Omega-3 has a well-documented history of working well when dealing with different types of depression.4 However, when it comes to postpartum depression, the jury’s still out. This is mostly because only a few studies have been done on this particular subject. So far, their results paint a mixed picture.

One of the studies compared women with postpartum depression. They were assigned to two groups: one took 1.9 grams of omega-3 daily, and the other received a placebo. By the end of the study, the omega-3 group showed improvements that were not seen in the placebo group. However, the difference was not statistically significant, indicating only a minor improvement with omega-3. 5

Omega-3 could help as an additional aid to standard treatment for postpartum depression. But there isn’t much evidence to support omega-3 as a treatment on its own. However, when it comes to omega-3 supplementation and preventing postnatal depression, it’s a very different story. There is quite a bit of evidence that omega-3 deficiency can be a contributing factor for developing depression post-birth, so preventing deficiency is a must!6

So, should you take Omega-3 for postpartum depression?

Yes, even a bit of help can make a difference, especially when dealing with a disorder that can be a nightmare!

As we’ve learned in this blog post, omega-3 may be very effective at preventing postpartum depression from developing in the first place.7 Pregnant women should make it a point to have a decent intake of omega-3 fatty acids daily throughout their pregnancies (here’s how much fish oil dosage to take each day).

With that said, taking omega-3 to treat postnatal depression may not work so well, at least not when taking it alone. The good news is that combining omega-3 with standard treatments might be a more effective option.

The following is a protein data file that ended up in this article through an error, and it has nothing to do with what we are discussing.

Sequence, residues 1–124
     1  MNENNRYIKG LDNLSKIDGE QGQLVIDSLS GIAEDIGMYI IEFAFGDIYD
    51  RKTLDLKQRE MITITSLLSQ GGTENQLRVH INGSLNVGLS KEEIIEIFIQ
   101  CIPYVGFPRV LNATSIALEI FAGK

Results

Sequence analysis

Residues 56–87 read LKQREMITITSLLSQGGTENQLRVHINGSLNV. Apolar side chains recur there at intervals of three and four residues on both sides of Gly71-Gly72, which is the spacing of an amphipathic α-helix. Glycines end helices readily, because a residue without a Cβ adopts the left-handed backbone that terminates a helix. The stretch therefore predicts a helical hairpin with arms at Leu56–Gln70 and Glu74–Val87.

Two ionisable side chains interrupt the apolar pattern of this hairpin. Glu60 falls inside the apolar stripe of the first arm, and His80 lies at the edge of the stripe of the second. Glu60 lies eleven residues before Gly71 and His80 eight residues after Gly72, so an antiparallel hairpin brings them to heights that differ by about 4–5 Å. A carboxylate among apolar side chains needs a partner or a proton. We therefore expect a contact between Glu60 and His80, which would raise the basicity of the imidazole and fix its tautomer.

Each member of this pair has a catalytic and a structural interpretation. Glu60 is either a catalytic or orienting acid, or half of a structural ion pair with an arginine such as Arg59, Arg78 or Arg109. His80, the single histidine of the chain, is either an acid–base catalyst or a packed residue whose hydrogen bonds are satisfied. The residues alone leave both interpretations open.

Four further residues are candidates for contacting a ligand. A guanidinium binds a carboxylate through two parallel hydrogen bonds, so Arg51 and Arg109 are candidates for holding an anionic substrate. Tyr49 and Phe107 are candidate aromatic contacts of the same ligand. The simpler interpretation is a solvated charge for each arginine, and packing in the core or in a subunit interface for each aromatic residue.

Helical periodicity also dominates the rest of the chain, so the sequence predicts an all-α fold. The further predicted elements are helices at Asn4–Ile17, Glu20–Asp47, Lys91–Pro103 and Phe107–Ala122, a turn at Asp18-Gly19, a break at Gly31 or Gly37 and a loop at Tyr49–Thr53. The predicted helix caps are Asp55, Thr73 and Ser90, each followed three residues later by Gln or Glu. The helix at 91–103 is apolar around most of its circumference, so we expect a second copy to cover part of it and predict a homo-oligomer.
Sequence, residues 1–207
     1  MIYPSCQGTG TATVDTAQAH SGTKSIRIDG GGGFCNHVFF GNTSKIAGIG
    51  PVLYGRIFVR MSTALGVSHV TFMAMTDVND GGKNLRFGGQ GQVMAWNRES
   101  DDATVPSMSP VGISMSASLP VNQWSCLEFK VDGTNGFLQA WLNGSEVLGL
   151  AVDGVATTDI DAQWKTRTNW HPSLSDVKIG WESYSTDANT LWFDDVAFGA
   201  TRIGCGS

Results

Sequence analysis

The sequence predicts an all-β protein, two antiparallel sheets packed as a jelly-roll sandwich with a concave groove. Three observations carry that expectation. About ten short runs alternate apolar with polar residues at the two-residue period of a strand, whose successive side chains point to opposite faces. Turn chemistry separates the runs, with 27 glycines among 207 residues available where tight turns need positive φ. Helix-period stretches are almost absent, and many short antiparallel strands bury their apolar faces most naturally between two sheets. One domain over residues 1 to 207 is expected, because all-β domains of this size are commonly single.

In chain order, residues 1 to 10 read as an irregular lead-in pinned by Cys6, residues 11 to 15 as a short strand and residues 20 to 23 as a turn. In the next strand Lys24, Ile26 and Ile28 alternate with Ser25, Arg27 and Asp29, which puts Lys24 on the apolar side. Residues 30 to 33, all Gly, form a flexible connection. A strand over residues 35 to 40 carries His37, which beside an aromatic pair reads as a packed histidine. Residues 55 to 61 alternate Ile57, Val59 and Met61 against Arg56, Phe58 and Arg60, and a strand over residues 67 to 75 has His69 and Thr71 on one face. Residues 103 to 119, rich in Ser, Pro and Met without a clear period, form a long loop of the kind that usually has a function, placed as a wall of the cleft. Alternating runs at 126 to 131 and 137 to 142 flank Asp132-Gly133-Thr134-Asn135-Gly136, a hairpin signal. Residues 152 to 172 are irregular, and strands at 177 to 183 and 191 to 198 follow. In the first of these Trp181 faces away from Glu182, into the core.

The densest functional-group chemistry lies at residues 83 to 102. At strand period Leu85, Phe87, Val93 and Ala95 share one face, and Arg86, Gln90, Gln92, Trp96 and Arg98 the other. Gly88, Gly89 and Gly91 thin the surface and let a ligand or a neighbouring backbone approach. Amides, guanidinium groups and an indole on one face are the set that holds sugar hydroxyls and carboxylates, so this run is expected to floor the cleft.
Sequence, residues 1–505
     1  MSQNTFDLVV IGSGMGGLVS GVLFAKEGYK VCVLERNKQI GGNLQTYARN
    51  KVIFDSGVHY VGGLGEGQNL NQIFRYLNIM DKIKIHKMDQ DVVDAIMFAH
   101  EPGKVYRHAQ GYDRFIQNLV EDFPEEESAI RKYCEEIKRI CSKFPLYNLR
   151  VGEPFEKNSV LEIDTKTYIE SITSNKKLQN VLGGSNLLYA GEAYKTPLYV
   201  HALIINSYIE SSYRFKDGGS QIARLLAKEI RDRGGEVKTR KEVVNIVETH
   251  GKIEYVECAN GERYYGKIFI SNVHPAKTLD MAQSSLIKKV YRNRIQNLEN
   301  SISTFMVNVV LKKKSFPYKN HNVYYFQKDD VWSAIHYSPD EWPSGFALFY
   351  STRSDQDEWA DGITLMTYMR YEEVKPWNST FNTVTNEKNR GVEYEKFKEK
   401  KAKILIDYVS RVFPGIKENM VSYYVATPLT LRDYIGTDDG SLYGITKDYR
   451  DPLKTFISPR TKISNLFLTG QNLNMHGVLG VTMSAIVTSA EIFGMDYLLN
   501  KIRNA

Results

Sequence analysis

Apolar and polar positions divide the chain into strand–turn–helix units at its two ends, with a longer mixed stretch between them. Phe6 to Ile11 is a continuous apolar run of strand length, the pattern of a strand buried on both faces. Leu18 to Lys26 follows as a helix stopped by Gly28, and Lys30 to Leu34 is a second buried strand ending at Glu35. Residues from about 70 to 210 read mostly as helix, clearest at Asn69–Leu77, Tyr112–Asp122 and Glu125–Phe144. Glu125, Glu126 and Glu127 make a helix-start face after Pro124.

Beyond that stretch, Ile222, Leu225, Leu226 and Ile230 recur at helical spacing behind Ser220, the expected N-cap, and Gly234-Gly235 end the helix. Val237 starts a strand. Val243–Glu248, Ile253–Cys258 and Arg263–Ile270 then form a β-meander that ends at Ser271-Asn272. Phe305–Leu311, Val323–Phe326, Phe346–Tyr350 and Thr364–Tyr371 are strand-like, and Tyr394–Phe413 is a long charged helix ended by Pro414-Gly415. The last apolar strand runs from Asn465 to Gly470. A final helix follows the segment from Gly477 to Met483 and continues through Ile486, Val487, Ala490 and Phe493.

1. Mughal S, Azhar Y, Siddiqui W. Postpartum Depression. [Updated 2022 Oct 7]. In: StatPearls [Internet]. Treasure Island (FL): StatPearls Publishing; 2024 Jan. Available from: ↩︎
  2. Coletta, Jaclyn M et al. “Omega-3 Fatty acids and pregnancy.” Reviews in obstetrics & gynecology vol. 3,4 (2010): 163-71. ↩︎
  3. Hibbeln, Joseph R. “Seafood consumption, the DHA content of mothers’ milk and prevalence rates of postpartum depression: a cross-national, ecological analysis.” Journal of affective disorders vol. 69,1-3 (2002): 15-29. doi:10.1016/s0165-0327(01)00374-3 ↩︎
  4. Freeman, Marlene P et al. “Omega-3 fatty acids: evidence basis for treatment and future research in psychiatry.” The Journal of clinical psychiatry vol. 67,12 (2006): 1954-67. doi:10.4088/jcp.v67n1217 ↩︎
  5. Freeman, Marlene P et al. “Omega-3 fatty acids and supportive psychotherapy for perinatal depression: a randomized placebo-controlled study.” Journal of affective disorders vol. 110,1-2 (2008): 142-8. doi:10.1016/j.jad.2007.12.228 ↩︎
  6. Markhus, Maria Wik et al. “Low omega-3 index in pregnancy is a possible biological risk factor for postpartum depression.” PloS one vol. 8,7 e67617. 3 Jul. 2013, doi:10.1371/journal.pone.0067617 ↩︎
  7. De Vriese, S R et al. “Lowered serum n-3 polyunsaturated fatty acid (PUFA) levels predict the occurrence of postpartum depression: further evidence that lowered n-PUFAs are related to major depression.” Life sciences vol. 73,25 (2003): 3181-7. doi:10.1016/j.lfs.2003.02.001 ↩︎